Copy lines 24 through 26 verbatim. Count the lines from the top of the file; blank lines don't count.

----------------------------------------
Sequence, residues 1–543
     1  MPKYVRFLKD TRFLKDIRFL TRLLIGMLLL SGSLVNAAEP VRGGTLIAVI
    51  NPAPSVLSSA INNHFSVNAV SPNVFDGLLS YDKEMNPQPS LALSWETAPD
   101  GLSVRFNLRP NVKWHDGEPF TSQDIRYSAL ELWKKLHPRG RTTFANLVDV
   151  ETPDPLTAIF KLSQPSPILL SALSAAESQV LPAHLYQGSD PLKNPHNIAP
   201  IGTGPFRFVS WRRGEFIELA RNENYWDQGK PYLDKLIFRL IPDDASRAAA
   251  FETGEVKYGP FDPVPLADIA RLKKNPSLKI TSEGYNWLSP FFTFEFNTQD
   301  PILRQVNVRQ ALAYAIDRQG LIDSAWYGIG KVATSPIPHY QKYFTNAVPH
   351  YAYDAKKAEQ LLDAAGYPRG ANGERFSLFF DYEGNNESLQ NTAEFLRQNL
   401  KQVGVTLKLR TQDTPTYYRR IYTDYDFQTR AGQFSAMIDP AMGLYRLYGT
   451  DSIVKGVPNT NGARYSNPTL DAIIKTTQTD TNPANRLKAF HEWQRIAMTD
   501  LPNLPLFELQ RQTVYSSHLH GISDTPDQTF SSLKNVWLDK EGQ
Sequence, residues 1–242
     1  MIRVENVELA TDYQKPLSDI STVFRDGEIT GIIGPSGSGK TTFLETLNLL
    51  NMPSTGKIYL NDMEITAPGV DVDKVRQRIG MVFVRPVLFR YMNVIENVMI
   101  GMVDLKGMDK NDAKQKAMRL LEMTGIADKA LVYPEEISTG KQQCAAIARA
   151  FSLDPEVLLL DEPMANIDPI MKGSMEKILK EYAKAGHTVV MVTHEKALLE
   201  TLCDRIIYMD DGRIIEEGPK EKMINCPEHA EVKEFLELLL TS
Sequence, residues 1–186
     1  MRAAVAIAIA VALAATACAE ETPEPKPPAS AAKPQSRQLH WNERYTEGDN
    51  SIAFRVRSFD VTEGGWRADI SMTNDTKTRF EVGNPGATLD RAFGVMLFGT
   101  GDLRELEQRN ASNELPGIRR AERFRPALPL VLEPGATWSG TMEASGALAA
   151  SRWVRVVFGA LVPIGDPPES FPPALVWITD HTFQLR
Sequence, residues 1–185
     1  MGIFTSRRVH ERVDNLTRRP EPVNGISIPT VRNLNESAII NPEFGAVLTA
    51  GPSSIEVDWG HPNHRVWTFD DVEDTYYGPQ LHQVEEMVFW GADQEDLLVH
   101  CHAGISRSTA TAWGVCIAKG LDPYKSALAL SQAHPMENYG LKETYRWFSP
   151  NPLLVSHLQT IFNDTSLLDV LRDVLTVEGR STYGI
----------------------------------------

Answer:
Sequence, residues 1–185
     1  MGIFTSRRVH ERVDNLTRRP EPVNGISIPT VRNLNESAII NPEFGAVLTA
    51  GPSSIEVDWG HPNHRVWTFD DVEDTYYGPQ LHQVEEMVFW GADQEDLLVH